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The Promise: How One Woman Made Good on Her Extraordinary Pact to Send a Classroom of 1st Graders to College Hardcover – April 5, 2005

4.6 out of 5 stars 8 customer reviews

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Editorial Reviews

From Publishers Weekly

On a whim one afternoon in 1987, Brown, a middle-class woman living in the poor and crime-ridden community of East Oakland, Calif., walked into her classroom of 23 first graders and promised that if they finished high school, she'd send them all to college. Of that first group of "her babies," as Brown calls them (her own children were already grown up), 19 went on to college. Today, the Oral Lee Brown Foundation sends 20 teenagers from this same community to college every four years. Brown's experience with the first group was difficult, but she only briefly explains how it affected her personally, preferring to focus on the kids (although her constant reminders that she's doing so do become grating). She raised money (donating her own income as a base) and acted as a second family to these children, taking them on college tours; buying them books and groceries; and, occasionally, putting them up in her own house. Written with San Jose Mercury News reporter Millner, the book is didactic in its approach, yet should inspire parents and teachers, who will especially appreciate the "tip sheet for college acceptance" at book's end.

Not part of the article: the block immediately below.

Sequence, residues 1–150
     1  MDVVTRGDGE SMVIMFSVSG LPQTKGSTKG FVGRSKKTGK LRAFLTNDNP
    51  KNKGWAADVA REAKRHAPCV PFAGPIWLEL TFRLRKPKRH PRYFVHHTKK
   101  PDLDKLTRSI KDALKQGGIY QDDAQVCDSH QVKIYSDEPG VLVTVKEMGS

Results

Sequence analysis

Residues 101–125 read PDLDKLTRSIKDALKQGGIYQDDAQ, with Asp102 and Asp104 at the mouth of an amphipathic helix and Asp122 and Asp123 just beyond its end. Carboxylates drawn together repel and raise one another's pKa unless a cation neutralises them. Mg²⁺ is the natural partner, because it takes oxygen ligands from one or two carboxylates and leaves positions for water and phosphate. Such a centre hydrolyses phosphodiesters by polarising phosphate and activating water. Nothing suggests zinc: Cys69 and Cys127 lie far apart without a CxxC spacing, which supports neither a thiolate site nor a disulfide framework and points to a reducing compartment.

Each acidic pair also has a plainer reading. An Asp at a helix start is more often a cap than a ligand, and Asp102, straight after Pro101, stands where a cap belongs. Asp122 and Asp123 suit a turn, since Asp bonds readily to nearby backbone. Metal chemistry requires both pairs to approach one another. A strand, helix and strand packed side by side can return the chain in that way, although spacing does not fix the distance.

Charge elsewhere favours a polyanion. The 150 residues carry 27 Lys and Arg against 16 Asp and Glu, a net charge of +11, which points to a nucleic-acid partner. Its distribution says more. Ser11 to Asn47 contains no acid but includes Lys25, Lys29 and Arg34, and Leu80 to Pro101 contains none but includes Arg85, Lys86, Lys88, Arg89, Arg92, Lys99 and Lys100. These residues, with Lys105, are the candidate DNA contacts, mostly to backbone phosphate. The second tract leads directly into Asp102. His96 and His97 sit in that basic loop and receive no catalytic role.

Copyright © Reed Business Information, a division of Reed Elsevier Inc. All rights reserved.

From Booklist

In 1987, haunted by a little girl begging for food in her East Oakland neighborhood, Brown impulsively adopted a first-grade class at a local elementary school. Having promised to finance a college education for each of the 23 students, on a salary of only $45,000 a year, Brown pledged to save $10,000 each year. The pledge strained her marriage and committed her to working several jobs. But 12 years later, using her personal investment and funds raised through the Oral Lee Brown Foundation, she made good on her promise--sending 19 of the 23 students to college. In this astonishing account, Brown recalls how she managed to keep in touch with the students, who were from unstable families and a disadvantaged neighborhood, developing strong personal ties with each of her "babies" and keeping them on track for college. Brown has extended her promise to a new crop of students. An inspirational look at the determination of one woman to make a difference in her community and in the lives of disadvantaged children. Vanessa Bush
Copyright © American Library Association. All rights reserved

Product Details

  • Hardcover: 272 pages
  • Publisher: Doubleday; 1 edition (April 5, 2005)
  • Language: English
  • ISBN-10: 0385511477
  • ISBN-13: 978-0385511476
  • Product Dimensions: 5.6 x 1 x 8.3 inches
  • Shipping Weight: 14.4 ounces
  • Average Customer Review: 4.6 out of 5 stars  See all reviews (8 customer reviews)
  • Amazon Best Sellers Rank: #1,484,485 in Books (See Top 100 in Books)

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Top Customer Reviews

Format: Hardcover
Words fail me when it comes to Ms. Oral Lee Brown. We were living in the bay area when the Oakland Tribune and other media were reporting on her promise to send an entire 1st grade class to college. A real estate woman who was making less than 50k a year and a big heart and a bigger faith in God is what made her quest and her story so awesome.